“La Bête is dense and cerebral, but its intellect and philosophy never get in the way of its ultimate goal, which is romantic and passionate.”
Without fully retreading material that he’s already visited before, Bertrand Bonello’s latest film La Bête, a trifurcated voyage across time and locations, nevertheless echoes some of Bonello’s previous works. The perfection and attention to detail that is evident in House of Tolerance’s period work may even be surpassed here in the 1910 segment; Saint Laurent and La Bête both prove that Bonello is one of the few contemporary filmmakers who can be trusted to use split screens effectively; and Bonello’s mastery of the ominous tension of Nocturama is repurposed in a thriller/slasher adjacent element in La Bête’s 2014 timeline. While all of these elements can still be found in La Bête, and Bonello’s style and perspective still feels familiar, none of these works could have suggested what an epic romantic melodrama this would turn out to be.
Immediately following a pre-title prologue where Léa Seydoux’s Gabrielle appears to be auditioning on an empty soundstage for a horror film, La Bête opens in 1910 with Louis (Geroge MacKay) and Gabrielle crossing paths at a party in France. They’ve met before, but each of them has different memories of the occasion: both recall meeting at an opera in different cities in Italy, and they disagree with each other’s memories of how they were dressed that day. They’re reintroduced by fate, though Gabrielle is already married by the time they’re brought back into each other’s presence. Their reunion proves to have very mortal consequences for both of them. In another sequence set in the not too distant future of 2044, Bonello, admittedly accidentally, prognosticates what has proven to be a timely rumination on the threat of artificial intelligence, especially considering how it is affecting actors’ and writers’ abilities to work in the film industry.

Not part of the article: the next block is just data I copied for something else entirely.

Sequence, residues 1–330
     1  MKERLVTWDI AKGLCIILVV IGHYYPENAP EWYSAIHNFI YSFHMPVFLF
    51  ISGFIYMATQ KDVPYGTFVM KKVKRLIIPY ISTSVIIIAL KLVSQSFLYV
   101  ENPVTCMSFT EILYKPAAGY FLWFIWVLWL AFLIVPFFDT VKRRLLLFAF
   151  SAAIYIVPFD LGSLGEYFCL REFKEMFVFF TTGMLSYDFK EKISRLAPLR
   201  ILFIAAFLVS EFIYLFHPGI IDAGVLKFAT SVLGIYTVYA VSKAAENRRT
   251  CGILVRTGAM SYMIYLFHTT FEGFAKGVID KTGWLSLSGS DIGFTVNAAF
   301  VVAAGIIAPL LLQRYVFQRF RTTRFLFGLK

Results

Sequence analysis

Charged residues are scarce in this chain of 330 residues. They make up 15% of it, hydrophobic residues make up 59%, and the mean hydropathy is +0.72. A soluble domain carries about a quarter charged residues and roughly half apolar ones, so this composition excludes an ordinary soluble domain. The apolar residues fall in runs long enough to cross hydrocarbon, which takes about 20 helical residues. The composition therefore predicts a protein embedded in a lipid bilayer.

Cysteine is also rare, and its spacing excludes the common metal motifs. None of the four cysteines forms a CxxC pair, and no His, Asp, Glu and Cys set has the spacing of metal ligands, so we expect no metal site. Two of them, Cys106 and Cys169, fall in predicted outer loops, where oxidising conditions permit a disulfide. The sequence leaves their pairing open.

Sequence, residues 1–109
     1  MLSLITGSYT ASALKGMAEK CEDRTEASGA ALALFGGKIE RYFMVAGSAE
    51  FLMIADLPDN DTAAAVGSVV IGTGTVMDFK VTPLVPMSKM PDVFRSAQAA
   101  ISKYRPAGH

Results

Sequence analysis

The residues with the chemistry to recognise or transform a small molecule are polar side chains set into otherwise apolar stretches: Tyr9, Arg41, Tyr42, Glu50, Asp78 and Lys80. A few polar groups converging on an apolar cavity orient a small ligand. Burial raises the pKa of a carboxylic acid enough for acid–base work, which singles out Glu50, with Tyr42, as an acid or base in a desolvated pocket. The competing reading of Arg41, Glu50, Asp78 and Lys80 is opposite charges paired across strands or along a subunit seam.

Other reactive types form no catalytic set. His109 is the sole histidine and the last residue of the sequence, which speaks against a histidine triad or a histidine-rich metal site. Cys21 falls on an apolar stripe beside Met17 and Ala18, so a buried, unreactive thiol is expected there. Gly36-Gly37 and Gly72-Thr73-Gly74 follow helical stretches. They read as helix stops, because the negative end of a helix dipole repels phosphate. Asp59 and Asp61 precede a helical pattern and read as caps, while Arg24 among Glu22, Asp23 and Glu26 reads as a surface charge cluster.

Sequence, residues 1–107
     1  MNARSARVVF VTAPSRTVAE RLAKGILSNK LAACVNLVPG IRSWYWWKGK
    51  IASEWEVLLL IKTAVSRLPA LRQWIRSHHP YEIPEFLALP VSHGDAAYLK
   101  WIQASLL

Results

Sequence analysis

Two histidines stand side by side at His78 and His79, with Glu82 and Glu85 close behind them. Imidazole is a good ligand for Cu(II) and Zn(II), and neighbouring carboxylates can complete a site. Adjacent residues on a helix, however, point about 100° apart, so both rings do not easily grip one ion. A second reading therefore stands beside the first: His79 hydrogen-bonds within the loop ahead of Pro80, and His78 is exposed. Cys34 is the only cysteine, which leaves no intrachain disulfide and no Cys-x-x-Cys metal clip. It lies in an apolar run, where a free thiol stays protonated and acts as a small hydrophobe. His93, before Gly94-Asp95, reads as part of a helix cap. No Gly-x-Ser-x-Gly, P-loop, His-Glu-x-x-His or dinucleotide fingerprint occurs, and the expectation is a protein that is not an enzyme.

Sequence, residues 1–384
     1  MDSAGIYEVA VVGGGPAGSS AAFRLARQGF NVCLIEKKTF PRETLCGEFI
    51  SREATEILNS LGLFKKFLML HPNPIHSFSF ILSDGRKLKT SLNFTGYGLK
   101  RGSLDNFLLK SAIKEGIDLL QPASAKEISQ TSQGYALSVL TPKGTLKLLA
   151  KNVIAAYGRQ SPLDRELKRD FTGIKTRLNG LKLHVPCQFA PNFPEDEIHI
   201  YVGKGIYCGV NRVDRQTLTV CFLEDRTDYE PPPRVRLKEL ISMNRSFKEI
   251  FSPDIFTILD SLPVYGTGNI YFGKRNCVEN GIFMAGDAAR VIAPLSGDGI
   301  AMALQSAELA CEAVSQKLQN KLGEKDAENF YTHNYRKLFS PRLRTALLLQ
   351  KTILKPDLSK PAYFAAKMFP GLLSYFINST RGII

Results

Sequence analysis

If La Bête has any flaw, it’s one that is felt in a bell curve, which is that once the film returns to a relatively contemporary 2014 Los Angeles sequence (which is also the last of the three timelines to be introduced), it is so perfectly narratively tight and its emotional arc so cohesive and rewarding in its conclusion, that the 1910 and 2044 sequences feel a bit overshadowed by this one, maybe because it is the easiest to unpack in a single viewing. In this timeline Gabrielle has relocated to Los Angeles, attempting to pursue a temporary career in modeling to use as a springboard for her ultimate ambition of becoming a successful actress. Meanwhile, Louis returns to this timeline as a black-pilled, very bitter incel who still has never even been kissed by a girl, despite his efforts to mold himself into what he imagines is prime boyfriend material. Their paths cross when Louis catches sight of Gabrielle at a dance club, is unsurprisingly drawn to her beauty, and follows her back to a mansion that she is house sitting for a friend. Louis is already convinced that it will never be possible for him to have a romantic and/or sexual relationship with a woman, and becomes convinced that they no longer deserve to live, choosing Gabrielle as the target of his retribution. Once Gabrielle and Louis have the chance to interact in the aftermath of an earthquake that draws out all the residents of the neighbourhood to the street, there’s immediately a twisted and disturbing, and very sorrowful romantic tension that springs between them. Both are facing a deep existential loneliness and longing for companionship, and Louis in particular is unable and unwilling to accept that Gabrielle’s expression of her attraction to him comes from a genuine place. He is so far gone in his commitment to a belief system, that someone could actually be attracted to him isn’t something that even registers as a possibility, and he assumes her goal is sadistic manipulation. They are an unlikely couple to root for, but Bonello and these two gifted actors are able to inspire a feeling of investment in this relationship, in spite of how dark and twisted and disturbing a lot of the dynamic is.
La Bête is dense and cerebral, but its intellect and philosophy never get in the way of its ultimate goal, which is romantic and passionate. The film is full of vivid imagery – there are multiple appearances of aggressive and threatening pigeons, shots of doll faces – but none of these visuals appears overly coded or opaque, and it seems clear that Bonello’s intention is for these to be felt viscerally. Much like several of Bonello’s previous films, it is immediately certain that La Bête is destined for cult status, which is something that definitely feels earned: Bonello has given cinephiles and lovers of star-crossed lovers much to analyze and ponder.